India: Consequences Of Pendency Of Appeal In A Criminal Case & Its Effect On Compounding

Last Updated: 12 October 2017
Article by Vijay Pal Dalmia, Partner

Article by Vijay Pal Dalmia, Advocate, Supreme Court of India and Delhi High Court, Partner & Head of Intellectual Property Laws Division, Vaish Associates Advocates, India

#Income- Tax Act, 1995, #Section 234A in The Income Tax Act, 1995 #Section 234B in The Income Tax Act, #Section 276CC in The Income Tax Act, #Section 133A in The Income Tax Act, 1995, #Madras High Court, #The Government Of India vs R.Inbavalli , #Power of compounding, #Vijay Pal Dalmia #Income Tax Act, #PMLA, #Compounding, #Criminal prosecution

In the case of  the Government of India, Ministry of Finance, Department of Revenue, (Central Board of Direct Taxes), #CBDT  Vs. #R.Inbavalli, before the Division Bench of the Madras High Court, the Revenue Department sought to assail the directions issued by the learned Single Judge to the concerned statutory authority to exercise his powers of compounding the offence. The brief facts of the case are that the Revenue had initiated prosecution proceedings against all the assessment years in which defaults were committed, before the Chief Metropolitan Magistrate (E.O.), Chennai. After completion of trial, vide order dated 01.11.2010, the Metropolitan Magistrate Court convicted and sentenced the Assessee, under Section 276CC of the IT Act, to undergo six months rigorous imprisonment and imposed a fine of Rs.10,000/- for each of the three years. Assailing the said conviction and sentence, the Assessee preferred appeals under Section 374 (3) of Cr.P.C. in C.A.Nos.227 to 229 of 2010 before the Principal Sessions Judge, City Civil Court, Chennai. The Principal Sessions Court, Chennai suspended the sentence of imprisonment, by an order dated 30.11.2010. However, the said appeals are still pending adjudication. During the pendency of the appeal, the Assessee had submitted application for compounding the offence.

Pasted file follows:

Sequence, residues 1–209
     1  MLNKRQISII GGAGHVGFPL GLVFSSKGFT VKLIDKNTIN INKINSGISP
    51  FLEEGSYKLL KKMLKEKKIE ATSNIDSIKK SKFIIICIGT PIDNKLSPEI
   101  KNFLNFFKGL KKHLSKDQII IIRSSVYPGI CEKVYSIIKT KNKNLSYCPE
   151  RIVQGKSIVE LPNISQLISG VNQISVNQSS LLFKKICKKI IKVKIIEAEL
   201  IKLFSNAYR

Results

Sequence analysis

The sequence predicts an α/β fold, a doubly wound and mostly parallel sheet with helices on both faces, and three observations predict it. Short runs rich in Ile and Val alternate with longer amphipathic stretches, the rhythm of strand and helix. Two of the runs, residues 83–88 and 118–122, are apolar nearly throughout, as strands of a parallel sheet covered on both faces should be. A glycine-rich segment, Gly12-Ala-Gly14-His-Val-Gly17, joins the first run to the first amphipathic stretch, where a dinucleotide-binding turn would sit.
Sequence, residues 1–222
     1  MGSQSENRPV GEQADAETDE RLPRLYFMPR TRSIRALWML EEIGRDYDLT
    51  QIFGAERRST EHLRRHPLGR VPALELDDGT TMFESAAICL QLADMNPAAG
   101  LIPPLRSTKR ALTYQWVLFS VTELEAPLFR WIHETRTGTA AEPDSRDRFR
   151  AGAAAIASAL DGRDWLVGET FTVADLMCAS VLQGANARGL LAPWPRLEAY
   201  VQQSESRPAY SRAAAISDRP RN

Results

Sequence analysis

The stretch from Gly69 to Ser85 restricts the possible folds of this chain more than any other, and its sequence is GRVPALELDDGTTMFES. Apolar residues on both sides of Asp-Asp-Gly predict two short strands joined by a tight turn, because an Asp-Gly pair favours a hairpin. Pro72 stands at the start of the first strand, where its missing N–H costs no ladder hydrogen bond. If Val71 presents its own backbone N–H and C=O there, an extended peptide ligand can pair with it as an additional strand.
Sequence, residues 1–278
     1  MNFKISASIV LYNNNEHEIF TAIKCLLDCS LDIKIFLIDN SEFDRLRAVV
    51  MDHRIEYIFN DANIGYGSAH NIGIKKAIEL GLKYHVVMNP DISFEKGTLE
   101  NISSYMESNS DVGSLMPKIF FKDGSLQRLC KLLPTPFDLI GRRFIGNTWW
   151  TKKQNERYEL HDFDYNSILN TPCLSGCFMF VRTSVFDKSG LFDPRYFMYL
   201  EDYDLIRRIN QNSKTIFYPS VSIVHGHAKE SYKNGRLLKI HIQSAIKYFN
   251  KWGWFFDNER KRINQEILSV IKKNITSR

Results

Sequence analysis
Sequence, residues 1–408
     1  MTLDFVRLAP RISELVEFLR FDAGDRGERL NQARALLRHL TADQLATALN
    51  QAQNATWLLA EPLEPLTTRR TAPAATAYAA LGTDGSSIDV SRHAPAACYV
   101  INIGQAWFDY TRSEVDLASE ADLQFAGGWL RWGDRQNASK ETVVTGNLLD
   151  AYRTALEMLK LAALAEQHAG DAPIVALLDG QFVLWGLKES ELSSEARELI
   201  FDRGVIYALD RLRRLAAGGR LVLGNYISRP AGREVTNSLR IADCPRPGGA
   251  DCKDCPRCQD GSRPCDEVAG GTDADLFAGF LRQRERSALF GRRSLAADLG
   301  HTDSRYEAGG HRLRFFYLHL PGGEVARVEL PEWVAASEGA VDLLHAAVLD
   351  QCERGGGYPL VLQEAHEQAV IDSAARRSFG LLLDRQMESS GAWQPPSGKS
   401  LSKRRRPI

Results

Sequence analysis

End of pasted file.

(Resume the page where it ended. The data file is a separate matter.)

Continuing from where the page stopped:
While deciding the said appeal, the Hon'ble court held that the power of compounding is exercisable even when proceedings are pending. In the present case, the Hon'ble court observed that the sentence imposed on the petitioner has been suspended by the Appellate Court and the appeal is still pending, consequently, the case shall be treated as pending and the power of compounding is exercisable. Therefore, the conviction by the Criminal Court should not be the only reason for rejecting the petitioner's application for compounding the offence. Clause 4.4 of the of the CBDT's compounding guideline dated 16.05.2008 prescribes the cases which cannot be compounded, and commences with a non obstante clause stating that notwithstanding anything contained in the guidelines, the category of cases mentioned in clauses (a) to (g) should normally not be compounded. Thus, the Hon'ble court held that the guidelines does not specifically place an embargo on the competent authority to consider the application for compounding merely on the ground when the assessee has been convicted by a court of law.

In the cases of Dr. K.Jagadeesan (#118 Taxman 499 Madras), Smt. Umayal Ramanathan (#313 ITR 59 Madras) and M/s VG Pannerdas and Co Pvt Ltd (#352 ITR 77 Madras) etc., the Courts had directed to consider the compounding applications even after conviction by trial court.

It has been observed that the expression used in the guidelines "should normally not be compounded", in Clause 4.4 of the CBDT's compounding guideline dated 16.05.2008 commences with a non obstante Clause. Therefore, the competent authority is entitled to examine the merits of each matter and to take a decision as to whether the facts make out a case for compounding even in cases where there is a conviction by a Court of law. Thus the guidelines did not place any fetters on the power of the competent authority to examine cases for compounding.

The Hon'ble High Court of Madras has held that if an appeal is pending against the order of lower court convicting the assessee, the proceedings are deemed to be pending and hence, the compounding application can be considered on the merits.

It is pertinent to mention that as per para 7.2 of the CBDT's compounding guideline dated 16.05.2008 provides that "Notwithstanding anything contained in the Guidelines, the Finance Minister may grant approval for compounding of an offence in a suitable and deserving case, after obtaining report from the Board on the petition of the applicant".

The court finally held that mere pendency of the appeal against the conviction, could no longer be a reason for refusing the consideration for compounding of offence within the meaning of clause 4.4(f) of the guidelines dated 16.05.2008.

Vijay Pal Dalmia, Advocate & Partner Vaish Associates Advocates
Mobile: +91 9810081079  email:

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